Male and female are similar.
The juvenile is duller. The red colour is duller on face and bend of the wing to lesser wing-coverts.

The Red-Faced Parrot is confined to eastern Andes of S Ecuador and adjacent NW Peru. It can be seen from Cajamarca in N Peru, and N to northern Cañar and western Morona-Santiago in S Ecuador.

The Red-Faced Parrot frequents the wet, mossy upper montane forest, but also open woodlands or stunted forest adjacent to páramo.
It is tolerant to some habitat disturbance and can be observed in remnant patches of degraded forest through grazing areas. It also frequents secondary growth.
The species occurs between 2,400 and 3,500 metres of elevation.

The Red-Faced Parrot gives a rapid series of squawk-like “chek” of variable pitch prior to take off. When in flight, it gives a series of “che-ek…che-ek” notes, higher-pitched on the second note “ek”.
When the bird is perched at roost site, it produces a rapid, high-pitched sequence of “eek” followed by throaty “thrut” and then by three lower “eek”, another “thrut” and “eek” described as “eek-eek…thrut…eek”. This series is used as contact call. Other calls are uttered by foraging or perched parrots “eek…eek-eek”.   

The juvenile produces a variable call “chur-ch-chur… chur-ch-chur…eek…ek-er…eek-eek…eek-ha-ha-a…ek-er…”
This series is accompanied by strong wing-beating before the young was fed by an adult.   

The Red-Faced Parrot feeds on fruits (Miconia), berries (Viburnum), shoots (Weinmannia), flowers, seeds, pods and parts of trees (Ericaceous).
It is generally quiet and secretive while foraging within the crowns of the trees.

It is usually seen alone, in pairs or in small groups. This species is gregarious and is often observed in flocks of up to 20 birds flying over the forest.

The Red-Faced Parrot nests in tree hole and both parents share most of nesting duties. When the nest is a natural cavity, the female alone arranges it.
They are monogamous. Mutual preening, billing and courtship feeding are probably part of the courtship displays prior to copulation.

The species is resident and only performs some local movements related to food availability.
The flight is swift and direct with rapid wingbeats.

The breeding season takes place between October and January, during the dry season.
The Red-Faced Parrot nests in tree cavities.
From an observation from October 1994 to January 1995 in Ecuador, a nest was in a cavity, a hole in a Lauraceae tree, placed at 17-18 metres above the ground. The pair was around the nest and one of the birds was feeding the other with regurgitated food. They were perched on a branch, about 20 metres from the nest.

The entrance of the cavity was 77 cm long by 9 cm wide and 45 cm depth. Two creamy-white eggs were laid on the nest-floor, a flat base with some dust and a few wing-blown leaves. Usually, parrots do not add nesting material.
Two chicks were observed in early December. Later, in early January, both chicks had green feathers and some red feathers on crown and throat. The young fledged by late January and were seen close to the nest-tree.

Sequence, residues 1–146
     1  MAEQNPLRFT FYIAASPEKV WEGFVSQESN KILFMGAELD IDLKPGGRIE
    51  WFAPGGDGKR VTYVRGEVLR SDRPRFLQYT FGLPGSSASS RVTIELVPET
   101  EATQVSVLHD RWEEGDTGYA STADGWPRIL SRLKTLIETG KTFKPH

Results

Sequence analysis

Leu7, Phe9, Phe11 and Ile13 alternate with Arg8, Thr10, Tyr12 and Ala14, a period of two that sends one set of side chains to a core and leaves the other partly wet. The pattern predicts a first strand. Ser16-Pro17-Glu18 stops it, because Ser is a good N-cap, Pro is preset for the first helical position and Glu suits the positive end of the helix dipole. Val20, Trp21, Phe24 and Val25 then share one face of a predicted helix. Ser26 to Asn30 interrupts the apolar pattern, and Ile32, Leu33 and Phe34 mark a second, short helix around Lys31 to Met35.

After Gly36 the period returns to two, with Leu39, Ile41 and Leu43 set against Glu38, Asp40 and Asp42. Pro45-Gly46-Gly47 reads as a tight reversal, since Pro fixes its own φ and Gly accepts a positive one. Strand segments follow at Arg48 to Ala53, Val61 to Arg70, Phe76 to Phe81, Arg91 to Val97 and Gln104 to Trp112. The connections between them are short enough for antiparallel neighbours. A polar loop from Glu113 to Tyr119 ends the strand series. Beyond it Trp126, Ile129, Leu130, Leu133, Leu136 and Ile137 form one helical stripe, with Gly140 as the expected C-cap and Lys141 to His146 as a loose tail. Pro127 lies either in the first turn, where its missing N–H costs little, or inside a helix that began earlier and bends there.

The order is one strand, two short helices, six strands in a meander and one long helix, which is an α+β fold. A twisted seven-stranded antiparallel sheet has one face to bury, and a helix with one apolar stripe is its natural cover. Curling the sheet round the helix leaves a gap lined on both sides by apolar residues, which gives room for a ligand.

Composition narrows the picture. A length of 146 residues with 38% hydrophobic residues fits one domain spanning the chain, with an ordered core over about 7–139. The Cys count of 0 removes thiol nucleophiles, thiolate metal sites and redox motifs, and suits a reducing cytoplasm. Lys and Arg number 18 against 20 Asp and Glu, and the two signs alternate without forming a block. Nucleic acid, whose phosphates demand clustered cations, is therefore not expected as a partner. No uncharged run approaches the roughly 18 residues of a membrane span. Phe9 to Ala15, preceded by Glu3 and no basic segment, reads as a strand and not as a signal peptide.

The Red-Faced Parrot is threatened by fragmentation, degradation and destruction of the habitat, through slash-and-burn conversion for agriculture. Logging, burning and grazing involve the degradation of the forest.
The population is estimated to number 2,500/9,999 mature individuals, roughly equivalent to 3,750/14,999 individuals.
This species is rare to uncommon or local throughout the range, and the population is rapidly declining.
The Red-Faced Parrot is currently listed as Vulnerable.

Fr: Caïque de Salvin
Ang: Red-faced Parrot
All: Salvinpapagei
Esp: Lorito Ecuatoriano
Ita: Pappagallo facciarossa
Nd: Vuuroogandespapegaai
Sd: rödmaskpapegoja


Roger Ahlman
Pbase Galleries Peru and Ecuador

Text by Nicole Bouglouan


HANDBOOK OF THE BIRDS OF THE WORLD vol 4 by Josep del Hoyo-Andrew Elliott-Jordi Sargatal - Lynx Edicions - ISBN: 8487334229

PARROTS OF THE WORLD – An Identification Guide – by Joseph M. Forshaw – Princeton University Press – ISBN 0691092516

BIRDS OF PERU by Thomas S. Schulenberg, Douglas F. Stotz, Daniel F. Lane, John P. O’Neill, Theodore A. Parker III – Princeton University Press 2007– ISBN: 978-0-691-13023-1

Avibase (Denis Lepage)

Birdlife International

HBW Alive

Neotropical Birds – Cornell Lab of Ornithology

Peru Aves - Peru Birds

World Parrot Trust 

Wikipedia, the free encyclopaedia

First nest record of Red-faced Parrot Hapalopsittaca pyrrhops

Vocalizations of the endangered Red-faced Parrot Hapalopsittaca pyrrhops in southern Ecuador


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Red-faced Parrot
Hapalopsittaca pyrrhops

Psittaciformes Order – Psittacidae Family

The Red-Faced Parrot is found in Ecuador and Peru where it has recently been observed at some new localities.
It frequents wet, upper montane cloud forest and shrubby growth close to páramo. It typically feeds on fruits, berries, flowers and seeds. It nests in cavities, often tree holes.
The Red-Faced Parrot is rare to uncommon and local, and the population is declining due to habitat destruction, fragmentation and degradation of forest.
It is currently classified as Vulnerable.

Length: 22-23 cm

The Red-Faced Parrot has green plumage overall, but it English name describes very well the head pattern.
Forecrown, lores, cheeks, supercilium and chin are red. Ear-coverts and hind cheeks are green with fine greenish-yellow streaks. The crown is green washed blue.
There is a red shoulder patch and some red wing feathers visible on closed wing. Primary and part of secondary flight-feathers are blue. The graduated tail is green with violet-blue tip.
On the underparts, some belly feathers are tipped red, but this red patch varies in some individuals.
The bill is pale, horn-coloured, with bluish-grey base of lower mandible. The eyes are greenish-yellow, surrounded by bluish-grey bare skin forming an eyering. Legs and feet are dark grey.